I think it's great that they're doing it and I will concede that the experiments were probably more detailed and nuanced than is revealed in this article or the article by Jeremy Hsu. I do applaud their efforts to improve player behaviour. When I played DOTA and during the early days of LoL, player behaviour almost caused me to stop playing several times.

              It's all good man, unless I wanted to sift through hours of thesis' and written content, maybe we could narrow down specific's on what happened, but let's face it we're just two randoms on the internet speculating.

          Ah but there's the "at least among western players". While research like this has been done in the past as you mentioned, has there been similar research among samples with a different cultural background and upbringing? League has a huge player base spanning the globe, and basic psychology based on western values may not be applicable to a large percentage of said player base. I can only imagine that more of such studies undertaken by riot with their access to a huge and varied player population be beneficial to adding to our knowledge.

    Now if we could only have this technique implemented in YouTube comments!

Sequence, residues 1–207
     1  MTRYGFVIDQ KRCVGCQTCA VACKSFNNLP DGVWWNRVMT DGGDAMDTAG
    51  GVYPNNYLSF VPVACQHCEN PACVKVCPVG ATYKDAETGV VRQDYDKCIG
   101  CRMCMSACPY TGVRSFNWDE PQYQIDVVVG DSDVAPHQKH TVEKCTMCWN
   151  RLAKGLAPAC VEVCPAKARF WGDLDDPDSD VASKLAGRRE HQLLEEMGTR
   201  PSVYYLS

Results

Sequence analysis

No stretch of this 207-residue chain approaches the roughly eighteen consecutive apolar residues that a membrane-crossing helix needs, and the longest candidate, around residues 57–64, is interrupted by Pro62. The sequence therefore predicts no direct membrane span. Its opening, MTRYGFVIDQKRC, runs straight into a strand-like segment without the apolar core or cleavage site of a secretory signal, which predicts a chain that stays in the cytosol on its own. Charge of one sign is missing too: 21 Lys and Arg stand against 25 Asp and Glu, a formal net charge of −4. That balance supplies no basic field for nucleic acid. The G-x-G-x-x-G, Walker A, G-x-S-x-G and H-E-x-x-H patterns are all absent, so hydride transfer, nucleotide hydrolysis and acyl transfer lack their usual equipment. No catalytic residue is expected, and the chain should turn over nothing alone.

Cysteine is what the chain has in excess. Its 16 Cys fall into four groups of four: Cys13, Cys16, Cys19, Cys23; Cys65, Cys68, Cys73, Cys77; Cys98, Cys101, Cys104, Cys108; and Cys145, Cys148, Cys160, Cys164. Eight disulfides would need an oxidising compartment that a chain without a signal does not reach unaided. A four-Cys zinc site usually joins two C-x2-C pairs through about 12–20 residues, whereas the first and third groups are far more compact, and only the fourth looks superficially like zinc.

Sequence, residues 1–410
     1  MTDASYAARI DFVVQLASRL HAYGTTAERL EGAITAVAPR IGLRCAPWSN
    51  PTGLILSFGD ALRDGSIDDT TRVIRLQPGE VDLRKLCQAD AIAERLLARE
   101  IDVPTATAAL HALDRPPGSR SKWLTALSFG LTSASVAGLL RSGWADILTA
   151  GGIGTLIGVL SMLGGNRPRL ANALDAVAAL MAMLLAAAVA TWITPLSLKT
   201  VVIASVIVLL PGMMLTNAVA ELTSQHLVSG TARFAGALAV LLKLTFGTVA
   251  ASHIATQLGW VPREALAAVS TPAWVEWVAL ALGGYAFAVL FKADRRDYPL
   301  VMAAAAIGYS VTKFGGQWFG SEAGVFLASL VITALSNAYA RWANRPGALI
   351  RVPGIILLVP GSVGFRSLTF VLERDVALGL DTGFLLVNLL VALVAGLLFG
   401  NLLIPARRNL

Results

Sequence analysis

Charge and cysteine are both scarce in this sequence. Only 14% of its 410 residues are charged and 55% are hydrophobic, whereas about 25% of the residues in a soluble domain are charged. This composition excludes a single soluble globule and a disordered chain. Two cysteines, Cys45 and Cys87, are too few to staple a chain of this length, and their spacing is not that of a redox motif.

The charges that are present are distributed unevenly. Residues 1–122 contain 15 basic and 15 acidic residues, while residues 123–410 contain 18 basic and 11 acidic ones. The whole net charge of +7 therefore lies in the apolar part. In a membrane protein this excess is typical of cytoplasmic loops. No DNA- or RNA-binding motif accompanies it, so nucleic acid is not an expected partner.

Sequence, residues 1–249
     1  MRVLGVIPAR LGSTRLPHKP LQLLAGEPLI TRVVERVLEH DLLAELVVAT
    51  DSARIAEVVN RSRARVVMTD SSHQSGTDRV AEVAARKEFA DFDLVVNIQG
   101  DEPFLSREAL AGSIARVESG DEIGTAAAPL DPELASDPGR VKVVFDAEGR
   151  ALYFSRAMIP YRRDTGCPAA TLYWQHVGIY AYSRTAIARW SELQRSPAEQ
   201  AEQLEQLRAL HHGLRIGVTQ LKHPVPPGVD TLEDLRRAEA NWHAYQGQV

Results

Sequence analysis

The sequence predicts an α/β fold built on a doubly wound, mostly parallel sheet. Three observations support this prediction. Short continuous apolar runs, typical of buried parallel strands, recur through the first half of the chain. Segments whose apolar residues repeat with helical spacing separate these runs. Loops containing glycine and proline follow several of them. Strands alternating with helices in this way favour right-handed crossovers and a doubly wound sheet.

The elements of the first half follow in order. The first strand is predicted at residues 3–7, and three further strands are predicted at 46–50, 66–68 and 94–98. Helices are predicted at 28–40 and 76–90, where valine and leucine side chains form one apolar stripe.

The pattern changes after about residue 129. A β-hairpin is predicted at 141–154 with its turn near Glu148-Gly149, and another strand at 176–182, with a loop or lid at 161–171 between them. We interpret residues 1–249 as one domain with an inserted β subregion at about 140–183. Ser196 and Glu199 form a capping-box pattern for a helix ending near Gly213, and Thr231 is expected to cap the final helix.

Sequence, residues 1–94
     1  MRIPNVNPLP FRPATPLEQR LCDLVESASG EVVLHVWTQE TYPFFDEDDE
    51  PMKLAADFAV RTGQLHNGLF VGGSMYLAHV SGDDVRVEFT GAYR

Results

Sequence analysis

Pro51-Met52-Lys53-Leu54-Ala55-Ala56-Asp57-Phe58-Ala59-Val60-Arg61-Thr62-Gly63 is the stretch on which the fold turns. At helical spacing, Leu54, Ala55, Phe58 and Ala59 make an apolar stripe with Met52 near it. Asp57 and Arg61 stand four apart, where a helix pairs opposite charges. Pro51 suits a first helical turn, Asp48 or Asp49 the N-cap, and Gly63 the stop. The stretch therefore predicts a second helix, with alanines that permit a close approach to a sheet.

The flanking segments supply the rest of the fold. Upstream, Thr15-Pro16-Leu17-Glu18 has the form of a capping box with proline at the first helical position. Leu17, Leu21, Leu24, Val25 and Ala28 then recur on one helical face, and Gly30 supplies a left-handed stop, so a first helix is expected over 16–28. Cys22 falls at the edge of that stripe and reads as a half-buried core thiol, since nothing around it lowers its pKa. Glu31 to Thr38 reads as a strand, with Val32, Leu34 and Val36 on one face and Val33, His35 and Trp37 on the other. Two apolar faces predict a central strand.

League of Legends is by far the biggest joke of an experiment I've ever seen. Here's the reality: They're not trying to improve behavior, that's why the bans are usually 2-weeks right off the bat, or permanent. Since when does a permanent ban improve behavior? Right, it doesn't, because they're going to be gone forever, or they'll come back with a new account even more toxic just to piss people off. I'll tell you what Riot is really trying to do: Make more money. Anyone who disputes that is fooling themselves. The fact is, Riot is a sinking ship, and they need to appeal to their bulk real money paying players, which happens to be little kids with mommy's credit cards. So why are the "try hards" getting banned and not the provoking kiddos? Because the try hards don't spend money, simple as that, they try hard and try to earn everything via IP. The kids are the ones using their mommy's credit cards to buy Riot Points out the wazoo to get all the new skins.